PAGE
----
There is a marvelous recurring phrase in the movie Shakespeare in Love. It's an exchange of dialogue.
Philip Henslowe: Mr. Fennyman, allow me to explain about the theatre business. The natural condition is one of insurmountable obstacles on the road to imminent disaster.
Hugh Fennyman: So what do we do?
Philip Henslowe: Nothing. Strangely enough, it all turns out well.
Hugh Fennyman: How?
Philip Henslowe: I don't know. It's a mystery
This exchange caused me great mirth when I first saw the movie because it is so true. I can absolutely imagine the real Henslowe saying something very much like this, because I have said something much like this both before I saw the movie, and after.
In working on the Scottish play in 2008, I sent up prayers for the intervention of theater magic. And, in spite of numerous insurmountable obstacles and clear sightings of imminent disaster during this famously "unlucky" play, it, strangely enough, turned out well.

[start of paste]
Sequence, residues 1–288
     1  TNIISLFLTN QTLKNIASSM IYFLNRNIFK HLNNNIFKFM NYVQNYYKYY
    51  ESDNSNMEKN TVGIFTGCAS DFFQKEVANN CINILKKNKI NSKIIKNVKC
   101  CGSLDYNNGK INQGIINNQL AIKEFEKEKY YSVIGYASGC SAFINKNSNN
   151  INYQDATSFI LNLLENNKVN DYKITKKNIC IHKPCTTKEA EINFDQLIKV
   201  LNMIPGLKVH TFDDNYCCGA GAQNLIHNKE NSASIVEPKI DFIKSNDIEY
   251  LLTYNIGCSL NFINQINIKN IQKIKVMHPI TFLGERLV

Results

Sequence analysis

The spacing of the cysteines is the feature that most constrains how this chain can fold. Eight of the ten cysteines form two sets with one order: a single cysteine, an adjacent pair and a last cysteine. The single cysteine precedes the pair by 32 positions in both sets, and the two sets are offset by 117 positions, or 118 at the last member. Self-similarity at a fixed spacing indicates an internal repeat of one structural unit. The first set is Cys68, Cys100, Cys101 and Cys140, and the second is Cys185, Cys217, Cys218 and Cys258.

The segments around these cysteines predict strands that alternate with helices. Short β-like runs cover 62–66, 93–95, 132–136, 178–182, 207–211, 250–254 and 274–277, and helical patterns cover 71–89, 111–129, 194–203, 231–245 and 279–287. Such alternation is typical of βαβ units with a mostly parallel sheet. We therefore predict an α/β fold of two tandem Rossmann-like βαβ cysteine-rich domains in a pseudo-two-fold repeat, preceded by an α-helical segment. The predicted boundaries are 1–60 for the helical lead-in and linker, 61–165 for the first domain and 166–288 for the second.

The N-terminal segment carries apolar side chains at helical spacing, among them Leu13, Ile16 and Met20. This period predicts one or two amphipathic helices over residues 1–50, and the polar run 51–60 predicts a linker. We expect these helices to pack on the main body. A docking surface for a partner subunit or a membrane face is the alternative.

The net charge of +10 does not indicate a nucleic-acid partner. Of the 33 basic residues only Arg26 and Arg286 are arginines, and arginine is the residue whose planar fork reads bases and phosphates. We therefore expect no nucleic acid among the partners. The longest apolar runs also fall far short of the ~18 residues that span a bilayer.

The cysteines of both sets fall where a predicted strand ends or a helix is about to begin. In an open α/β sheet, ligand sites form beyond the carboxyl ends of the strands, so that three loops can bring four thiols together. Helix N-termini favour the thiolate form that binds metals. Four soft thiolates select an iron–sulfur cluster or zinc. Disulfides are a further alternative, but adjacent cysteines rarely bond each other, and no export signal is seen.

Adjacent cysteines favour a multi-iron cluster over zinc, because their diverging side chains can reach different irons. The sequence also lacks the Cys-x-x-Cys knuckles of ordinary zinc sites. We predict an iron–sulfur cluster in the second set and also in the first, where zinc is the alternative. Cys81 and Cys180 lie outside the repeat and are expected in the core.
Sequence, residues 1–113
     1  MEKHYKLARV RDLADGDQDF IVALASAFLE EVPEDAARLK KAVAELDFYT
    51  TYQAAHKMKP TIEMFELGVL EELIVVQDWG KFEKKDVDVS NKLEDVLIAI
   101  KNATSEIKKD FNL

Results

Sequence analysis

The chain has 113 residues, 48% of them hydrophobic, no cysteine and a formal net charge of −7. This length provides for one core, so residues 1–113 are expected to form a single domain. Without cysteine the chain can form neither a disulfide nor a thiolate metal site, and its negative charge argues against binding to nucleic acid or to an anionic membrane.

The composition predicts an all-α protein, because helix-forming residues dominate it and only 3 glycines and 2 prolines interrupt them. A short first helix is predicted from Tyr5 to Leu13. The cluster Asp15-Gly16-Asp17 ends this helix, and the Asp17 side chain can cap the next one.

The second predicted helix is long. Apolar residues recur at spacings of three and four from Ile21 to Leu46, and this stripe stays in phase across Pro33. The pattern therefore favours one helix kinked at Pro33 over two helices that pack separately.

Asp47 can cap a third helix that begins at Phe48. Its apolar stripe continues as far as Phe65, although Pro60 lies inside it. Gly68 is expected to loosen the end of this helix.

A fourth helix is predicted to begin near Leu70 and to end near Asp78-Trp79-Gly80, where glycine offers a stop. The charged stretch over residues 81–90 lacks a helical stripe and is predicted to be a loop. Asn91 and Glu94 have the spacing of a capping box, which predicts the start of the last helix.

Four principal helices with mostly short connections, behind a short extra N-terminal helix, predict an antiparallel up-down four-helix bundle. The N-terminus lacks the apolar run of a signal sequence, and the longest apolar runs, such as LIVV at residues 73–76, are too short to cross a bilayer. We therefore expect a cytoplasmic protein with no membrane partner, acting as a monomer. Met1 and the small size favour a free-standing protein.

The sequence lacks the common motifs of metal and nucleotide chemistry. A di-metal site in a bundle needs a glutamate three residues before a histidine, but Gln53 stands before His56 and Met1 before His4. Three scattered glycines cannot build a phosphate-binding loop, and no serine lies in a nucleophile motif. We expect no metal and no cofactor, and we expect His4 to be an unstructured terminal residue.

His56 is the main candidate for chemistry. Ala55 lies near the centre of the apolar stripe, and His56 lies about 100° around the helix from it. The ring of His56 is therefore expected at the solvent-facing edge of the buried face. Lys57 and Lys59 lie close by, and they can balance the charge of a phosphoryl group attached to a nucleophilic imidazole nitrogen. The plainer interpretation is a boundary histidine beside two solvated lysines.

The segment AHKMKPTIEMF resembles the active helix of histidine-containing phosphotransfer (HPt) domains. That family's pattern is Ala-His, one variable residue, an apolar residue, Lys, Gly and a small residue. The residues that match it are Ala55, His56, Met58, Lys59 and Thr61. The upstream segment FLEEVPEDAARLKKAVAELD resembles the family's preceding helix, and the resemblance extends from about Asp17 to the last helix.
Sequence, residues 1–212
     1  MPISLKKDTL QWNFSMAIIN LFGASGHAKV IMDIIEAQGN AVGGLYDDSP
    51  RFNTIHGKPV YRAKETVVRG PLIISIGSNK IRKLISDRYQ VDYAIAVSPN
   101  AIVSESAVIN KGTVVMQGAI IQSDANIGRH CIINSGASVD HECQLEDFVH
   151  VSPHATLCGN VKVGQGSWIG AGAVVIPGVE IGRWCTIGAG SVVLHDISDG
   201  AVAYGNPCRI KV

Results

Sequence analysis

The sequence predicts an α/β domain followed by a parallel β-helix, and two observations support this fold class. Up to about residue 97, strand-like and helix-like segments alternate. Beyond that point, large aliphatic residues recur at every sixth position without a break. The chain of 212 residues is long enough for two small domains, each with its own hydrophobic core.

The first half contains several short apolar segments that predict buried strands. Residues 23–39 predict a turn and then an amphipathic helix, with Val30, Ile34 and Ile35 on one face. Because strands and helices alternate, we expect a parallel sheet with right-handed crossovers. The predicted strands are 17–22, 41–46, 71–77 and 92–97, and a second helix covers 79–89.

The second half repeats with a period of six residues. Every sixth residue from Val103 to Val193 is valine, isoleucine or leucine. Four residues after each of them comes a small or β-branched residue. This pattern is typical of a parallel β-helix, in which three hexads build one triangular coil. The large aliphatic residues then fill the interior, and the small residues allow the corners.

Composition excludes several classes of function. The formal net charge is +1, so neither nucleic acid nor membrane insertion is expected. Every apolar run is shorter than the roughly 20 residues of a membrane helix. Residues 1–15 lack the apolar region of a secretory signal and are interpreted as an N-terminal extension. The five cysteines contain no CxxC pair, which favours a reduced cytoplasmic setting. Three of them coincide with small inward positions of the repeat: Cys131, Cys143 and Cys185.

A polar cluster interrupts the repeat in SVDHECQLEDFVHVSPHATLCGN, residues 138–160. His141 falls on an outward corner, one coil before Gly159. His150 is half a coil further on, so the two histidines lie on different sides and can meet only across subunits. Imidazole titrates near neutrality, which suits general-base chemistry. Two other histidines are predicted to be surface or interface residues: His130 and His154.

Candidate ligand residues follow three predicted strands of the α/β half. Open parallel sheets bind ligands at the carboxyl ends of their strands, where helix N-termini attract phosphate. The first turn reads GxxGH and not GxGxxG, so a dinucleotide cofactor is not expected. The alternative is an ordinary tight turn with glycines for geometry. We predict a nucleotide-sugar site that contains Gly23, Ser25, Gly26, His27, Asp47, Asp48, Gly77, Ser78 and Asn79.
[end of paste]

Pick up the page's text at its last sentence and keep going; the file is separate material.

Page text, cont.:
And again, when working on Dr. Jekyll and Mr. Hyde, insurmountable obstacles of serious illness and mishap in my own family seemed to place the play directly on the road to imminent disaster. Strangely enough, it turned out well.
Then, working on Twelfth Night, set in the 1890s, more insurmountable obstacles, and again, strangely, it all turned out well.
Why? As the man said, ultimately, it is a mystery. We call it theater magic. We know some of the ingredients: passion, commitment to each other and to the play.
Somewhere in the recipe there is fear as the opening night approaches; excitement as costumes, set and props are added.
I am convinced that food-- pizza or pot-luck, it doesn't matter-- the sharing of a meal together in the midst of the work-- this is also a critical ingredient.
But the process, the means by which all of these come together to solve the unsolvable, heal the unhealable, surmount the insurmountable--
Well, it's a mystery.
A mystery to which I am grateful, once again.